JUNE 3, 2009: A pioneering new land sharing project aimed at providing UK communities with more access to land and locally grown produce is now up and running.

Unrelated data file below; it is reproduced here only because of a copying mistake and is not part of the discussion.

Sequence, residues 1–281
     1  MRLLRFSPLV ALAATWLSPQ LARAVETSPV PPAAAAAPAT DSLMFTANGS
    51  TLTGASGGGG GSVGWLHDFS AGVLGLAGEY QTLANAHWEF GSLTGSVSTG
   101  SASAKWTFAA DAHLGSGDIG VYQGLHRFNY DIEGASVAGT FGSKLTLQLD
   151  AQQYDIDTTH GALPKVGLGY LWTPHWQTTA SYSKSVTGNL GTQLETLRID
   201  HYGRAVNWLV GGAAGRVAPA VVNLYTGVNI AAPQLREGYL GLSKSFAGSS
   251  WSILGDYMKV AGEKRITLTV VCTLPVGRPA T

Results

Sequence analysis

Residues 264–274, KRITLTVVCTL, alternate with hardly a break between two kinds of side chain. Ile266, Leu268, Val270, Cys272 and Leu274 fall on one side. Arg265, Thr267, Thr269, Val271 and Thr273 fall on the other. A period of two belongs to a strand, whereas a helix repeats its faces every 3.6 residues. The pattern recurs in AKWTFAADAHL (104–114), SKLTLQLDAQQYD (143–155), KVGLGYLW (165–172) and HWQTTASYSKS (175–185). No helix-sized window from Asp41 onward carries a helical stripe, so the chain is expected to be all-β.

Landshare is the first ever UK wide network of its kind and works by ‘matchmaking’ keen growers to those who have available land. With allotment waiting lists now at an all time high – and an estimated 30 year wait in some areas – many are struggling to find suitable land to grow fruit and vegetables at a time when more people than ever want to grow their own produce, say the organisers. With the effects of the credit crunch, the desire for organic produce and a better appreciation of seasonal cooking, Landshare is tapping into this mounting trend to ‘grow your own’. The site, launched in conjunction with Channel 4 and River Cottage, already has over 30,000 supporters – covering every postcode area across the whole of the UK. Businesses, councils, landlords and homeowners are all encouraged to register any available land at www.landshare.net The new Landshare website works by allowing people to search for land, growers and help via a postcode mapping and listings system. It provides access to many different resources from guidance for sharing land, including a pro forma legal agreement, to a community questions forum and advice on growing produce. In February, the National Trust, in anticipation, pledged 1,000 suitable growing sites from their properties across the UK. There has also already been interest from national government, the Church of England and several other major landowners. In addition to being a unique resource to bring more land around the UK into cultivation, Landshare is also creating a comprehensive map of ‘helpers’ across the UK. These helpers will either help lower the barriers to participation, for example amongst the elderly or those with limited computer skills, or be local hands-on gardening advice for people learning to grow their own food for the first time. Promoting these helpers as ‘Veg Doctors’,the Royal Horticultural Society, Garden Organic and the National Trust are amongst those who are asking all their expert members to sign up, representing a potential database of over half a million members UK wide. Heading up the project, real food campaigner Hugh Fearnley-Whittingstall says: “The huge interest in the scheme shows that people are looking for a viable alternative to the madness of modern day food chains. We should be growing so much more produce here in the UK, and we certainly have the enthusiasm, skills and desire to do this, but sadly not always the land. “Many of our green spaces have been sold off for property development or are tied up in red tape. The aim of Landshare is to unlock as much of this land as possible and return it to fruitful production where it belongs. There is so much to be gained in terms of health, economic, environmental and social benefits – not to mention the sheer joy and satisfaction that comes with growing your own food.”Anyone interested in getting involved as a grower, landowner or helper can sign up at www.landshare.net www.channel4.com/landshare